their openness to respond to the moment, their willingness to be vulnerable, to make mistakes and to be present for one another, and to the creative forces moving through and among them.

Like the Christmas story, jazz repeats itself – and yet each time it does so with revision –
retelling through a rewrite – it is an expression of both memory and hope, tradition and transformation. Since its inception and throughout its history, jazz has been, a site for subversive collaboration – bringing together white and black musicians and listeners in ways that upended long-standing traditions of racial segregation in music. And along the way created music that had never yet been imagined or heard, something profoundly unexpected, and even upside down.

I’ve heard about Christmas Eve jazz services for a while, but in asking around I struggled to find a Unitarian Universalist example – we tend to do the traditional, the reflective, and the contemplative – less so the improvisational and energetic. But this year I kept thinking about how relevant the surprising upside down parts of this story is for our world today – in this time when the extremely-wealthy have a seemingly unstoppable grip on power and influence, when violence grows and division reigns, when yet again we are talking about who counts, and who matters, where we turn away from the immigrant, the refugee, the young and vulnerable seeking shelter, turn away from our neighbors, our family, ourselves…..

Maybe in other years we might not realize just what good news this story is, and so it could remain for us safe, traditional, distant and theoretical. But this year, this story – in all of its powerful unexpected, risky reversal is for us. This year we need the good news that something new is happening, here among us, even in the most invisible and unglamorous parts of our lives, those parts that society might reject, those places where we feel most outcast that even here a new and transforming love is struggling to be born – and we are the ones who can prepare it room.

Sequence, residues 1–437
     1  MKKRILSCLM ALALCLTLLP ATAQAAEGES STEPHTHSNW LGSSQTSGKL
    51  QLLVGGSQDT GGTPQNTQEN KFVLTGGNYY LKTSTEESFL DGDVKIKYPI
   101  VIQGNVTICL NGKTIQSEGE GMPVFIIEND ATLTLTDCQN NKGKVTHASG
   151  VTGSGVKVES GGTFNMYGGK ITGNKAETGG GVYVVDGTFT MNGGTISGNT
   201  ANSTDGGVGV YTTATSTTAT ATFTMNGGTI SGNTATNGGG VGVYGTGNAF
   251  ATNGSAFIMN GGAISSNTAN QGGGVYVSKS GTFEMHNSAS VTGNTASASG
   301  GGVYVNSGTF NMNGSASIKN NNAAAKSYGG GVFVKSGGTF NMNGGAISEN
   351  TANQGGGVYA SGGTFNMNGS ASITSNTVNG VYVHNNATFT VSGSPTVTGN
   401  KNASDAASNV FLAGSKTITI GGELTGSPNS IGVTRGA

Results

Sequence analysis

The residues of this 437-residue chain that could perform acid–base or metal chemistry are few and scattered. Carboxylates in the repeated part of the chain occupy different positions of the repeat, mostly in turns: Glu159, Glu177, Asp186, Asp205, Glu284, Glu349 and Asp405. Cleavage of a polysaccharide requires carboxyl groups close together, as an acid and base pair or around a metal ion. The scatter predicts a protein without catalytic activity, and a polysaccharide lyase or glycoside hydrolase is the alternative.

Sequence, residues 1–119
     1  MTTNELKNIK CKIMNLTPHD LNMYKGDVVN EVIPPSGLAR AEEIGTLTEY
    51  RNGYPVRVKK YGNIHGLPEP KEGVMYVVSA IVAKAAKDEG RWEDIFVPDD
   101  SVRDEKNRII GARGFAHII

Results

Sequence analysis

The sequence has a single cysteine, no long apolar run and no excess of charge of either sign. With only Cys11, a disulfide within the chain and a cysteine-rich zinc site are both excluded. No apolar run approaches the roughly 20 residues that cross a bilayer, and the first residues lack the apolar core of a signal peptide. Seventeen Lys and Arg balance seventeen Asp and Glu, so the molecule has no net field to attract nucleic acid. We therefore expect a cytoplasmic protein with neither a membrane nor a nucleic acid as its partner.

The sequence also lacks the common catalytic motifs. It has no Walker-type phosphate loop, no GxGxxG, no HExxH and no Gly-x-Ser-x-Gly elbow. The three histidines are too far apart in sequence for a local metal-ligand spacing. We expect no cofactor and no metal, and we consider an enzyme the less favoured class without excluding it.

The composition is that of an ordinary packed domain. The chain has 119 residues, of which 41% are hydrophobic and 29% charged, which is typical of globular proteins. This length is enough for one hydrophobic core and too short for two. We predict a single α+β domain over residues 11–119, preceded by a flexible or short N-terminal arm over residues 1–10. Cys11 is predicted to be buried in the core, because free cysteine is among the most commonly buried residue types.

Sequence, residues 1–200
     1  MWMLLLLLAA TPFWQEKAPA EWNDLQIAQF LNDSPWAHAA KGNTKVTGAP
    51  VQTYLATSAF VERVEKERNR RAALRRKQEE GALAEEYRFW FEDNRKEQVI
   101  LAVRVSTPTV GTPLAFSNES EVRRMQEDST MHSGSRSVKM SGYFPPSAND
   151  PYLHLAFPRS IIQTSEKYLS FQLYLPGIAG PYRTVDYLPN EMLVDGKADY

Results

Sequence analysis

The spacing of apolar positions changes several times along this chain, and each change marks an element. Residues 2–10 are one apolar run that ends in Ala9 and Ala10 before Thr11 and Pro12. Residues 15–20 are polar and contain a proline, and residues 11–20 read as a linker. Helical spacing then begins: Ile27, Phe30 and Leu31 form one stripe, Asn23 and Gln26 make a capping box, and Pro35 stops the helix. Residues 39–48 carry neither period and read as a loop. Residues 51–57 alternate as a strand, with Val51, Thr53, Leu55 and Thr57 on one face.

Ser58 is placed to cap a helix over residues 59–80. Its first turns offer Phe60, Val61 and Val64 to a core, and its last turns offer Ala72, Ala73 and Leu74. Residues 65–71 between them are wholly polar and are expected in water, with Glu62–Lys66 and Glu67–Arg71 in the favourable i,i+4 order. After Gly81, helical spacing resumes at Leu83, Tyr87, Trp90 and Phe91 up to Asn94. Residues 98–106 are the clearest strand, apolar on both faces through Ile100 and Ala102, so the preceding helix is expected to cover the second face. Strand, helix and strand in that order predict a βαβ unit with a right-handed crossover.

Our lives – like the rooms of Bethlehem are often overly full. Filled up with cynicism and debt; busy-ness and bitterness –with all sorts of things that only we know about, that keep our hearts closed off and that get in the way of the love that would heal us, and connect us, upend and transform us and make whole the whole world round.

But this year we need to make the room, prepare the space because we need this Christmas story – in all of its radical vision, we need to clear the way in our lives, in our hearts for a love this powerful, this transformational – to release ourselves from those things that keep us busy yet unsatisfied – getting by, yet still longing for more –
isolated out in the fields believing all hope is lost – Christmas asks us to be this brave –
that we might hear the call breaking through the cold dark night: whispering, be not afraid.
That we might respond to the call of love arriving in all those places that the world says doesn’t count.  In the face and lives of the most vulnerable.  In the places of our lives
we believe are unseen and unheard, in those people who have been cast out, there the holy calls us to risk making the way, risk stepping out into the night, to gather with others,
imagining a whole new world, to say it is possible, to proclaim the good news of its birth.

There is much in the world and in life today that would have us despair, feeling powerlessness. But this two thousand year old familiar story still comes, and challenges us to be radically surprised – to imagine an entirely different world, to see in the darkest coldest night a bright bold light still arriving, to play not the standard melody but to risk a new note and a syncopated rhythm, a brave new story possible when people leave their familiar fields and set out on behalf of strangers and outcasts, on behalf of a love big enough to save the whole world.

This is the promise of Christmas worthy of being shouted from the mountain top
Don’t give up, love is just getting started.
Let us prepare it room – joining our voices in a great and glorious: alleluia!
Amen, and blessed be.

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When God Had a Body

when-god-had-a-body-1Text: The Education of God – The Incarnation by David Bumbaugh

Sermon “When God Had a Body,” December 11, 2016

New Testament scholar and sometimes-skeptic Bart Ehrman tells the story of one special person who lived about 2000 years ago.

Just before this person was born, “a heavenly figure appeared to his mother, telling her that her son would be not just human but also divine. His birth was surrounded by all sorts of supernatural signs, and as a child he taught those who were much older than he about religious insights and ideas.

This person went town to town with his message, gathered around him disciples
who witnessed his teachings, flawless character and multiple miracles. At the end of his life, however, his enemies made up charges and he was placed on trial before the Roman authorities and put to death.